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blue_100.jpg (4951 bytes) Introduction to Pakistan

PAKISTAN - THE LAND OF THE PURE

Pakistan is the land of the Indus River, which flows through the country for 1,600 miles from the Himalayan Mountains to the Arabian Sea. It is a land of snow covered peaks and burning deserts, of fertile mountain valleys and irrigated plains. Created in 1947 as a homeland for the Muslims of the Indian subcontinent, it is inhabited by some 200 million people speaking over 20 different languages and wearing distinctive costumes, yet all united by the Islamic faith.

 

'The Land of the Pure' (as the Urdu name Pakistan translates into English) is strategically placed at the crossroads of Asia, where the silk roads from China to the Mediterranean meet the routes from India and Central Asia. For thousands of years this junction has been a melting pot of diverse cultures, attracting traders and adventurers, pilgrims and holy men, creating a deep and ancient cultural base.

 

For any visitor Pakistan has a wealth of attractions: its 4,500-year history is richly illustrated by archeological sites and imposing monuments scattered the length and breadth of the country. Brick cities from the Indus Civilization, which flourished around 2,000 BC and paralleled the achievements of Ancient Egypt and Mesopotamia, stand beside Buddhist ruins contemporaneous with the birth of Christianity. The region has played host to history’s most famous: Alexander the Great brought the influence of the west; Chandragupta and Ashoka built vast Buddhist empires in the north; Genghis Khan made his mark; Mahmud of Gazni strengthened the role of Islam; and Tamerlane, Babar and Akbar brought the sophistication of Persia and Turkey into the region and produced the brilliant and exquisite Mughal Empire. Islam was introduced to the subcontinent on the shores of the Arabian Sea in the 8th century, and magnificent Muslim tombs from the 10 -12th centuries vie with the palaces, mosques and forts of the Mughal emperors of the 16 - 18th centuries. Most recently is the indelible stamp - architecture, rule of law and civil engineering projects - left by the British Raj.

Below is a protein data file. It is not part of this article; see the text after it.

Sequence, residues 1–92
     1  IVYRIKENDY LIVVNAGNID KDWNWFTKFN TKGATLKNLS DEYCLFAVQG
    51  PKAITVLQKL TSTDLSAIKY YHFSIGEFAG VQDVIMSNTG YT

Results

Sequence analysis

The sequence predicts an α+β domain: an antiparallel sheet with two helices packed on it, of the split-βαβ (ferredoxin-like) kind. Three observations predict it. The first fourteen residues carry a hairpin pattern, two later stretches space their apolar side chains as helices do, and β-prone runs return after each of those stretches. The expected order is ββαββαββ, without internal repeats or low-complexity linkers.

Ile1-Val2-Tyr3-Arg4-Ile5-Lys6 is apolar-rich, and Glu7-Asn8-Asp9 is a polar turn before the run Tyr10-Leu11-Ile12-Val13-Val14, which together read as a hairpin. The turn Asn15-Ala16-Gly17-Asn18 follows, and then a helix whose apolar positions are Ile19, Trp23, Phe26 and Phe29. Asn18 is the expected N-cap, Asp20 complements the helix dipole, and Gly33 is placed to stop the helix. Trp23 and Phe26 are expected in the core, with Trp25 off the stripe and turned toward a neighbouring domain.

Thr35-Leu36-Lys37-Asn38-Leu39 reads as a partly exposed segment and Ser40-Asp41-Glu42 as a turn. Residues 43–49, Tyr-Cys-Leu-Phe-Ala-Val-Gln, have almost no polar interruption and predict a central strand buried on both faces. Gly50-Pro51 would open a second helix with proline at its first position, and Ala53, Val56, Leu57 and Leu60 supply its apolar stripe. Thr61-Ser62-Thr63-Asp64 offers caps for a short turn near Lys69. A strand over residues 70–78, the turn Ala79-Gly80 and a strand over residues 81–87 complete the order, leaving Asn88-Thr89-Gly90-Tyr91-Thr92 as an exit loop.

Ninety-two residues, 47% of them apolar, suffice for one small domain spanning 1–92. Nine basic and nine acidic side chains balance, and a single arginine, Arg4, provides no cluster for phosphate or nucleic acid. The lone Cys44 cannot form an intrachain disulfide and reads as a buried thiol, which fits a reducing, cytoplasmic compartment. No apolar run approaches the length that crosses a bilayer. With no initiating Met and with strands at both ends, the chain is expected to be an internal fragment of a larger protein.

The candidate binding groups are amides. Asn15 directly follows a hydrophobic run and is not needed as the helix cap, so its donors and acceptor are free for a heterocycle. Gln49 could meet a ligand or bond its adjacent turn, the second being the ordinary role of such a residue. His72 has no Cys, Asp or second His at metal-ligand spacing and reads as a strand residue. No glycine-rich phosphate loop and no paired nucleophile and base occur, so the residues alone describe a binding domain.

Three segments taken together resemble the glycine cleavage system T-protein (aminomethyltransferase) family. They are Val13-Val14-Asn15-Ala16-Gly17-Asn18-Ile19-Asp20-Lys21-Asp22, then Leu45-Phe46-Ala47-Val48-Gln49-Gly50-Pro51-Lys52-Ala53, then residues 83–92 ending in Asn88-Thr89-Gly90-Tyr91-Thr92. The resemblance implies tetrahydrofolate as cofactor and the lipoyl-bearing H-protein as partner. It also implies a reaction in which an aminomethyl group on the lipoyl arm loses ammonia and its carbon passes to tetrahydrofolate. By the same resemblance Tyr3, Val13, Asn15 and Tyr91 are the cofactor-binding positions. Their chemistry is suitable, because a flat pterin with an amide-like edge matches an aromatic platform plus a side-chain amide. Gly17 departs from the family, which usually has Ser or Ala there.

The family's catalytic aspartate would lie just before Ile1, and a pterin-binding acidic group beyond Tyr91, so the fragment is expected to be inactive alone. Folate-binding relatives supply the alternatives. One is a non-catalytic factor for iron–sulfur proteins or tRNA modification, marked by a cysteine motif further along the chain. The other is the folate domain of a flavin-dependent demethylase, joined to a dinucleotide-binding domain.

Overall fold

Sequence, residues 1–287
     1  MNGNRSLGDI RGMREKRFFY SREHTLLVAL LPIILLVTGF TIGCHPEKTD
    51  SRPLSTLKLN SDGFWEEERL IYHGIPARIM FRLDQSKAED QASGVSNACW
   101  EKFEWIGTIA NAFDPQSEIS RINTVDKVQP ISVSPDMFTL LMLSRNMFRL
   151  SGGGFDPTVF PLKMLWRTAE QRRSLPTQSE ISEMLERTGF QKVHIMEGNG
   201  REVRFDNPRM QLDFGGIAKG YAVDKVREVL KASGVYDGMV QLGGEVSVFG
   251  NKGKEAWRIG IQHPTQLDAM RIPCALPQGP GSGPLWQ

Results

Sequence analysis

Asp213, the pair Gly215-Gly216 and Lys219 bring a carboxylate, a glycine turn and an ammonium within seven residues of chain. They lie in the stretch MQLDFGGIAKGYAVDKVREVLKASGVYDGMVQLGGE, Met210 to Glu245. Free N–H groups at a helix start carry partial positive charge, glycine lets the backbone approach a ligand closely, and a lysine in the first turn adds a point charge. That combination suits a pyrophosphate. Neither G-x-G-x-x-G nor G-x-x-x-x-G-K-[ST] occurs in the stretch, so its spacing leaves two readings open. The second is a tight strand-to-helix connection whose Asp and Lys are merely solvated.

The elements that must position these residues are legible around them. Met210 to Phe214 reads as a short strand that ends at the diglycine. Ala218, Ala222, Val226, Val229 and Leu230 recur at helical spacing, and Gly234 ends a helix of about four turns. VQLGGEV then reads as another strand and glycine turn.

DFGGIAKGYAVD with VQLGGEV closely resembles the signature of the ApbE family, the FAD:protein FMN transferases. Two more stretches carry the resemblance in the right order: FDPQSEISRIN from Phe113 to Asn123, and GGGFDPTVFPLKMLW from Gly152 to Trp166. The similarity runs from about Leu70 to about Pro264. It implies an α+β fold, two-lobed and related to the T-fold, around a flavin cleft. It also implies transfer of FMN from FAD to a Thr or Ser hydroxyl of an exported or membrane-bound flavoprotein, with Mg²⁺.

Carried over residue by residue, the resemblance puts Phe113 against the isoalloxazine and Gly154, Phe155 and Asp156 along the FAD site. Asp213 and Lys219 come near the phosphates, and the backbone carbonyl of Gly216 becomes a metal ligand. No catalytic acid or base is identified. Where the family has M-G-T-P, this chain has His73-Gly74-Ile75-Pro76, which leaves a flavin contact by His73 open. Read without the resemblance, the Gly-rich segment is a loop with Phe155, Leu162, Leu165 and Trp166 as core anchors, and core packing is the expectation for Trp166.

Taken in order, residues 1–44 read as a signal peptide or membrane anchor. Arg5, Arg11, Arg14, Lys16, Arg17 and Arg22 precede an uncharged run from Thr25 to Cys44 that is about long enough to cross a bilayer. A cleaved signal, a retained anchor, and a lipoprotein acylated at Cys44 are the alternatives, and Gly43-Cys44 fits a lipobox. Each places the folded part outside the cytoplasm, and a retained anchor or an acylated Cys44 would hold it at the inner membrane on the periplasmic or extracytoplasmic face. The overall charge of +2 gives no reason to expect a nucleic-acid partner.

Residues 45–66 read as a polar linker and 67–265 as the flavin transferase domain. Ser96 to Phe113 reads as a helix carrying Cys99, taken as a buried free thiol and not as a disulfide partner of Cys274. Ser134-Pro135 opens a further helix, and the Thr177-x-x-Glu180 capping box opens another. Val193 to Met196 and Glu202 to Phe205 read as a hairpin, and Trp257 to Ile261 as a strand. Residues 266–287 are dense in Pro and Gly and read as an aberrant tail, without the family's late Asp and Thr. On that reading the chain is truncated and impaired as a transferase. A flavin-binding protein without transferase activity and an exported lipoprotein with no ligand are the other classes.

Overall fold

The country’s main cities reflect these many influences, both historical and modern. Lahore, close to the Indian border, is the cultural center of the country, with an elegant core of Mughal architecture embellished by the flower of the Raj. Peshawar, on the Northwest frontier with Afghanistan, is a city straight out of Arabian Nights, with tribesman in turbans nonchalantly carrying rifles through colorful bazaars. lslamabad, the federal capital, is a modern garden city planned by Greek architects. Bustling, energetic Karachi, with its population of 18 million, is a huge industrial port and a sprawling industrial and financial center.

 

Best of all are Pakistan’s natural riches. The terrain includes five of the world’s seventeen highest mountains including the second highest in the world, K-2; the vast Thar desert is best explored on camel safari; five huge rivers flow south to the sea creating the largest irrigation network in the world; and on shores of the Arabian Sea are hundreds of miles of almost uninhabited beaches.

 

To the spirit hungry for exploration and adventure, Pakistan beckons.

 

(from Pakistan, At the Crossroads of Asia, by Isobel Shaw)

 

 

 

 

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